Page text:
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Chymotrypsin is a digestive enzyme that breaks down proteins in the small intestine. It is synthesized as a larger molecule in the pancreas and transported in an inactive form. Once in the small intestine, it is activated by another digestive enzyme, trypsin.
The digestion of food involves the breakdown of large molecules to small ones, which can be absorbed into the blood. Proteins are made up of chains of amino acids, linked by peptide bonds. Enzymes are proteins that accelerate the rate of reactions, and proteases speed up the breakdown of proteins. There are a number of different proteases acting in digestion, that act on different types and regions of proteins.
Chymotrypsin is a type of protease that is in a family known as serine proteases, also known as serine endopeptidases. They have that name because they have the amino acid serine at their active site. Serine proteases are synthesized in an inactive, larger form, which allows them to be transported to their site of activity without causing any tissue damage. The inactive form of chymotrypsin is known as chymotrypsinogen.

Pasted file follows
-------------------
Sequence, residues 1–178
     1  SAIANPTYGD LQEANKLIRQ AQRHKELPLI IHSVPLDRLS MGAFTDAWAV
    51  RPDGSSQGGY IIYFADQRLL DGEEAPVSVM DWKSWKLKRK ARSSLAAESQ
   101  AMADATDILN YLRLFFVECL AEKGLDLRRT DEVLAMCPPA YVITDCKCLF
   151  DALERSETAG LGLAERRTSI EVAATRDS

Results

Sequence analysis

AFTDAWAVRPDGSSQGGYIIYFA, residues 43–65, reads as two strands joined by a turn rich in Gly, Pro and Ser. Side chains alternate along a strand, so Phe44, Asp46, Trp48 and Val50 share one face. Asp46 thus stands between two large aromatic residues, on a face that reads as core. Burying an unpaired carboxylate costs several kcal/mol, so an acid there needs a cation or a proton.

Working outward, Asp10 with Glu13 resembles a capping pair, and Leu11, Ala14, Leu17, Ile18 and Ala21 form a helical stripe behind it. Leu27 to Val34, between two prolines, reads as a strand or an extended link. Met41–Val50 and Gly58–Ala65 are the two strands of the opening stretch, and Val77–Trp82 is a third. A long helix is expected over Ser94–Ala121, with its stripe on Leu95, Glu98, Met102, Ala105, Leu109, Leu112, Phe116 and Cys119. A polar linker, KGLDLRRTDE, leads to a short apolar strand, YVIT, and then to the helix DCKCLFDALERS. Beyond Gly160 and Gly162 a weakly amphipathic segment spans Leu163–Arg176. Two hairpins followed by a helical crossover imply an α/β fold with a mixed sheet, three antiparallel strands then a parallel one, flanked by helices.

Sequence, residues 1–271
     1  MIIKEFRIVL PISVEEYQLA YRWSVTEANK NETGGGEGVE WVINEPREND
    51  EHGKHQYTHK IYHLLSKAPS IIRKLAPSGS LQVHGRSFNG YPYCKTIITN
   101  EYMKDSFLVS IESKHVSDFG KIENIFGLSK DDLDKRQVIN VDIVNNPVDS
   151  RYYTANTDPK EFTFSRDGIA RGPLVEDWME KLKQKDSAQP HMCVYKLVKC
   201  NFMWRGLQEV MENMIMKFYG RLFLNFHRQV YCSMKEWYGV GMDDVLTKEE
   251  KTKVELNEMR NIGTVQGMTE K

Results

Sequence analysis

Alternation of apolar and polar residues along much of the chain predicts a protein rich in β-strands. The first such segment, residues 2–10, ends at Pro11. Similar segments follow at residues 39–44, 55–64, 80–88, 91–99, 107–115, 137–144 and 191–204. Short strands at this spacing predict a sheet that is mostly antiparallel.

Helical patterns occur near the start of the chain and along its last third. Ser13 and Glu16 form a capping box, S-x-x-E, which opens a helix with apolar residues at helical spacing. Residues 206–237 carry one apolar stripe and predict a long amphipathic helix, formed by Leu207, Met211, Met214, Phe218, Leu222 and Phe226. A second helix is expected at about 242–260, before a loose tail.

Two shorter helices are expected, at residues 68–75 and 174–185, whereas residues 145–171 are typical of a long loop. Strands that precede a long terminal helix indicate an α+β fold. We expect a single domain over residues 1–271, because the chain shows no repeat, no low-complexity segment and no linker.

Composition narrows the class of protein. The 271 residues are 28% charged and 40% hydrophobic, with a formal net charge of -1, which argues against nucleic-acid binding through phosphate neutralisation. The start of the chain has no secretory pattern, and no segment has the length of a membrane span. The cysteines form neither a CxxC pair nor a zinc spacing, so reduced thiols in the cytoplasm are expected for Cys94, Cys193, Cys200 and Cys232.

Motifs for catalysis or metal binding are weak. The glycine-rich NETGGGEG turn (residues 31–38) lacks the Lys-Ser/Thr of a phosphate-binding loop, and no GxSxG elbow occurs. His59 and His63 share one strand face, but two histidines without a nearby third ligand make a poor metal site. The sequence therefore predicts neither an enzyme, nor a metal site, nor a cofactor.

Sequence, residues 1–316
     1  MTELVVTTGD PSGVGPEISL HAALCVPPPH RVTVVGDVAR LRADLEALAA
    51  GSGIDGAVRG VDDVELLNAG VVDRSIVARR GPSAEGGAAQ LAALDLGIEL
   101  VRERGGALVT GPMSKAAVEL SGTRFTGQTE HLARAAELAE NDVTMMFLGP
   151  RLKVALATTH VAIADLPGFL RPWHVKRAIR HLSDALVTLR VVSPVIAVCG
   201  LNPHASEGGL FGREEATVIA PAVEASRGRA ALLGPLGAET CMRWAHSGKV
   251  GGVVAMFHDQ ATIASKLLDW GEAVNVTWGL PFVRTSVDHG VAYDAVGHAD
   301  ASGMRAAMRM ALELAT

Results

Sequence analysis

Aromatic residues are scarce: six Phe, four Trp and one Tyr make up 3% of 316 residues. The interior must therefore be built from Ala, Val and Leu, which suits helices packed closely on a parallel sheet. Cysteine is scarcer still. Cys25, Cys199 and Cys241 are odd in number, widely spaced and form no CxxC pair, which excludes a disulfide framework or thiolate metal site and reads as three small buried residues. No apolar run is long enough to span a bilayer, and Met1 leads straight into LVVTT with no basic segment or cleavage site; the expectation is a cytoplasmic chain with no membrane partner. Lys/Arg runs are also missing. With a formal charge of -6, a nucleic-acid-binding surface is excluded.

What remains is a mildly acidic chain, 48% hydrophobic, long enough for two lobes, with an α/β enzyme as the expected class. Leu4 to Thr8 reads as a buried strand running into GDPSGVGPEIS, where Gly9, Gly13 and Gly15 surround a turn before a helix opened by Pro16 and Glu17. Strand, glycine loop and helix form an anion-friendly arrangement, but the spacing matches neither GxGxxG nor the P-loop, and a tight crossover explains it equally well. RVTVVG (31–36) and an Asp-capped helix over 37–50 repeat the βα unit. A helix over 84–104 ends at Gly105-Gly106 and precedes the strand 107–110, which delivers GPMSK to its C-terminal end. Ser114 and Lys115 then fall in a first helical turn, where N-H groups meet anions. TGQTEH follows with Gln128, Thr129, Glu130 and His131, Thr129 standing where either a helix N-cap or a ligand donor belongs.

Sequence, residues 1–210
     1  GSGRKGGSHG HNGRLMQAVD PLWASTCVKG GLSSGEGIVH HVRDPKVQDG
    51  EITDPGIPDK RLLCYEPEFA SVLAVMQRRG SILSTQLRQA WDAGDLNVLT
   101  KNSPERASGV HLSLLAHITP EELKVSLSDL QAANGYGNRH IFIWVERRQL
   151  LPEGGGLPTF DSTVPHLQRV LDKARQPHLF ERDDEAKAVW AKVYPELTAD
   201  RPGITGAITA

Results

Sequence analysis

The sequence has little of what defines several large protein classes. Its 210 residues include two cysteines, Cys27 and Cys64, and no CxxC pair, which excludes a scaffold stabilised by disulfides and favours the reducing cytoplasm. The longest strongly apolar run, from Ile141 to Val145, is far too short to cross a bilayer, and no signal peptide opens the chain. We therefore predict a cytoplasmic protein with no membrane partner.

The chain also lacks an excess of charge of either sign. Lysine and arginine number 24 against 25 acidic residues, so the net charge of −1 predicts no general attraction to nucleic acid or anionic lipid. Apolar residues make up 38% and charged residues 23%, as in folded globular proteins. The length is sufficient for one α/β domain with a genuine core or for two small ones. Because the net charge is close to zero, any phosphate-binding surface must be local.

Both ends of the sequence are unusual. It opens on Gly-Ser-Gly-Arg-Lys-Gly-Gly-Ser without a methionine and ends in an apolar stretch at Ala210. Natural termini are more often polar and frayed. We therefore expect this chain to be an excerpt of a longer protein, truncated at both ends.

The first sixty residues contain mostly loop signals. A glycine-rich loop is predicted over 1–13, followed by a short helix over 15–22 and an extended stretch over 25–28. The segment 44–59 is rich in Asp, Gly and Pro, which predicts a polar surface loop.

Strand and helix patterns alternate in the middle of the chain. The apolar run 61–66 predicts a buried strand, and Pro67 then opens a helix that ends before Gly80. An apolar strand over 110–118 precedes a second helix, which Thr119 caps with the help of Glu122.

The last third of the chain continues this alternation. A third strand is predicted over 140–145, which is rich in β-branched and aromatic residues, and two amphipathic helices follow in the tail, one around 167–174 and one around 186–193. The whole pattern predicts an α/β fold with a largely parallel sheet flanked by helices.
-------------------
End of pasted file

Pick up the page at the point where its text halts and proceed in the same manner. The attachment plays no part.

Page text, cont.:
After limited proteolysis by trypsin to cleave off part of chymotrypsinogen, a two-molecule combination of chymotrypsin is formed. The two molecules activate each other, and then can catalyze the breakdown of proteins. Chymotrypsin has a preference for acting on certain types of amino acids. It tends to degrade the peptide bond by using phenylalanine, tryptophan, or tyrosine. These are all aromatic amino acids, and are so named because they have a cyclic ring structure in them.
The chymotrypsin mechanism involves hydrolysis — splitting a molecule of water in two, and adding each fragment to a different part of the peptide bond. This cleaves the bond. Once the protein has been fragmented by this protease, other proteases and peptidases continue degrading it, until it has been broken down to amino acids. After digestion has been completed, there is a class of natural serine protease inhibitors in the body called serpins that inactivate the enzymes.
Many plants make a chymotrypsin inhibitor. Protease inhibitors in general are particularly common in legume seeds, and can be a defense mechanism against insects, limiting their absorption of nutrients. Also, many of the bacteria that live in our intestines produce protease inhibitors against digestive enzymes to help them survive without being digested.
Both chymotrypsin and trypsin activities are assayed medically to test for cystic fibrosis and pancreatic insufficiency. Normally, both enzymes are found in the stool. If they are not, further testing is indicated.
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